Confinement and compartmentalisation are two of the most important prerequisites for the complexity of life. These two essential concepts are used by synthetic biologists to reverse-engineer life in order to understand its complexity and/or to exploit its efficiency in the production of (bio)molecules. As we advance our understanding of biological confinement and engineer new ways of mimicking this situation, we realise that the interaction between molecules and macromolecules is substantially affected by the complexity and diversity of their environment. This is particularly true for proteins, where their functionality is strongly correlated to their macromolecular structure.
Figure 3. Functional hybrid nanocontainers composed of polymersomes (middle) are assembled from amphiphilic block copolymers (left) and membrane spanning DNA nanopores (right). The containers are of size-selective permeability and permit transport of organic enzyme substrate through DNA nanopores while retaining bioactive encapsulated enzyme
We developed a new method toe encapsulated biological macromolecules into preformed polymersomes by controlled temporary destabilization of the vesicle membrane using pulsed AC electrical fields (see figure 1). In collaboration with Voit and Appelhans we made pH-sensitive polymersomes stabilised by UV cross-linking after incorporation of an enzyme in a synthetic bio-nanoreactor without transmembrane proteins. This stabilization allows the reversible swelling and deswelling of the polymersomes upon changes in the pH value. The controlled reaction of the enclosed enzyme could be monitored selectively at pH 6 when the substrate could penetrate the membrane (see figure 2). More recently, in collaboration with the Howorka group at UCL, we combine our expertise on polymersomes with their ability to design DNA origami and DNA nanopores in particular (See figure 3) to create a nanoreactor able to differentiate molecules in terms of size.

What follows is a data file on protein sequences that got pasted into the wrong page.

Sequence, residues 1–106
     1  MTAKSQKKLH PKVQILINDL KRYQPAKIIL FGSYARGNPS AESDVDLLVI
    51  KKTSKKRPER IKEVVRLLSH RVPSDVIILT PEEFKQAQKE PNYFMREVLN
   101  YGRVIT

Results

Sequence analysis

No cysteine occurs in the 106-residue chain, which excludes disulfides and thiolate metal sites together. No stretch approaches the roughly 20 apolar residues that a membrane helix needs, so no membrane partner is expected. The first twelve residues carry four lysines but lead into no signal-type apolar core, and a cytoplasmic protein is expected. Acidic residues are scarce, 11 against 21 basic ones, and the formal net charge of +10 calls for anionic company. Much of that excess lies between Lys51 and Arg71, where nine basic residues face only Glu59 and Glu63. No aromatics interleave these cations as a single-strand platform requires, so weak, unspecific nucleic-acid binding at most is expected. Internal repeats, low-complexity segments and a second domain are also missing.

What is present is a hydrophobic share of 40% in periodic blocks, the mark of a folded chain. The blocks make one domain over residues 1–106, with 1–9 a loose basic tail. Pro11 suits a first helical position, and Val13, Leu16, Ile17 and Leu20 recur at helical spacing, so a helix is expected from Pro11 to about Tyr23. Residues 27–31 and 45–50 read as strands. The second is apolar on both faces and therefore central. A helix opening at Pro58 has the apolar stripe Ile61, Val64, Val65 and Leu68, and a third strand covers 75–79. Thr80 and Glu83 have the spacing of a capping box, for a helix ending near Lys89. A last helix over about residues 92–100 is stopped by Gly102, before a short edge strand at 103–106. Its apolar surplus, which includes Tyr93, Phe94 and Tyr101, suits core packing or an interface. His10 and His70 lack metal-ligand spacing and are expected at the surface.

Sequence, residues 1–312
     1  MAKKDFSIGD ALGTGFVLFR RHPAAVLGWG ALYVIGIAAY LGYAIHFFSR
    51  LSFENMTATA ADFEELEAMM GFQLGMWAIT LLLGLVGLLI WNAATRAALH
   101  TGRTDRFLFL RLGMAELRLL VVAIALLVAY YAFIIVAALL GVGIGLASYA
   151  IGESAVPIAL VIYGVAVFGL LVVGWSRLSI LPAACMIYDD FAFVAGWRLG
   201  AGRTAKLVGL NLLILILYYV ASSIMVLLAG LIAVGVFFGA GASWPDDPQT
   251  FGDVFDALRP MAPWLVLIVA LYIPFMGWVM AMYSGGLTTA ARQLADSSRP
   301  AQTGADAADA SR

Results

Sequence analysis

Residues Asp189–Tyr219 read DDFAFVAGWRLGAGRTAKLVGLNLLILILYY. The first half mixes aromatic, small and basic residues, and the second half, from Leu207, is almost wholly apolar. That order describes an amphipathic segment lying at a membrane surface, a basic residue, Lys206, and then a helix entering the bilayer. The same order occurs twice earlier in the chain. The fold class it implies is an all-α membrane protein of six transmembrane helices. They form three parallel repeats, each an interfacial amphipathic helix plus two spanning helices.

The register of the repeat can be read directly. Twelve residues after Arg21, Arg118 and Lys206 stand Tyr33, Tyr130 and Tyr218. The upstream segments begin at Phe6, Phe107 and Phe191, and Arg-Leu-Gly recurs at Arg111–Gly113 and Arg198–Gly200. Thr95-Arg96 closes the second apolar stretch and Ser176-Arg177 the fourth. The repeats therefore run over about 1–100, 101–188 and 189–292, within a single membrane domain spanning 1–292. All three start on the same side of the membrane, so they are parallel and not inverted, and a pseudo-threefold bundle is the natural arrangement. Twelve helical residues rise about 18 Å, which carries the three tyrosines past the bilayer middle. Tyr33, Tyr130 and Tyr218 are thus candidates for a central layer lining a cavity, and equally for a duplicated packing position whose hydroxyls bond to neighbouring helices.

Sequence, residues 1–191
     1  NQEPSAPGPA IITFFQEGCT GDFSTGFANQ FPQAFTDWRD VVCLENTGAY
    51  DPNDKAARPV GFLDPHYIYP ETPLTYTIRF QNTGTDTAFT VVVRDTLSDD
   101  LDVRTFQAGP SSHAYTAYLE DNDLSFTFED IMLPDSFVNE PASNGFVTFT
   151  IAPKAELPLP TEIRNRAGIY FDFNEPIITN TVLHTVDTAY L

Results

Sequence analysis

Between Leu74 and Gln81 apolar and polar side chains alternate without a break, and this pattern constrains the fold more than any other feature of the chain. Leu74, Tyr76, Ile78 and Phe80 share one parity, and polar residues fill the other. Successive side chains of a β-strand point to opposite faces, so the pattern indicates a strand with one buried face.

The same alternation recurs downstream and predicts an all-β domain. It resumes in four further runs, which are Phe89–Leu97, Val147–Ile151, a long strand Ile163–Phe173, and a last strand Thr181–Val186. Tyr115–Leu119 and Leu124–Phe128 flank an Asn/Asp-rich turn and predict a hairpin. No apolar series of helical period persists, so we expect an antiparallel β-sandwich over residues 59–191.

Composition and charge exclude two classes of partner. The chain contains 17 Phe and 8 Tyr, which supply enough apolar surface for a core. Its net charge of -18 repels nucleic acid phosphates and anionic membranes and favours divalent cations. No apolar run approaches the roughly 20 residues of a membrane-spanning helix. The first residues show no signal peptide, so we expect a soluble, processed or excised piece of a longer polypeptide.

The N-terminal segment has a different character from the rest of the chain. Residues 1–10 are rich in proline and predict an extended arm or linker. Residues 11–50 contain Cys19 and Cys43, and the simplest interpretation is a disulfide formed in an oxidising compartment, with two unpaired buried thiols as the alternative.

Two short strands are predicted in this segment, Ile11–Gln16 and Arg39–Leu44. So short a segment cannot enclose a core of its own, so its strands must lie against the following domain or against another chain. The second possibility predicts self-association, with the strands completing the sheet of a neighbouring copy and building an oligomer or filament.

- D. Cecchin and G. Battaglia Protein stabilisation by polymersome entrapment arXiv, 2016, arXiv:1607.08886 [q-bio.BM]
- L. Messager, J. Kim, J. Burns, D. Cecchin, J. Hindley, J. Gaitzsch, G. Battaglia*, S. Howorka* Biomimetic nanoreactors composed of polymersomes, membrane spanning DNA nanopores, and encapsulated enzymes Angew. Chem. Int. Ed, 2016, in the press
- L. Wang, L. Chierico, D. Little, N. Patikarnmonthon, Z. Yang, M. Azzouz, J. Madsen, S. P. Armes, G. Battaglia Encapsulation of Biomacromolecules within Polymersomes via Electroporation Angew. Chem. Int. Ed. 2012, 51, 11122-11125
- J. Gaitzsch, D. Appelhans, L. Wang, G. Battaglia, and B. Voit Synthetic bionanoreactor: Mechanical and chemical control of polymersome membrane permeability Angew. Chem. Int. Ed. 2012, 51, 4448–4451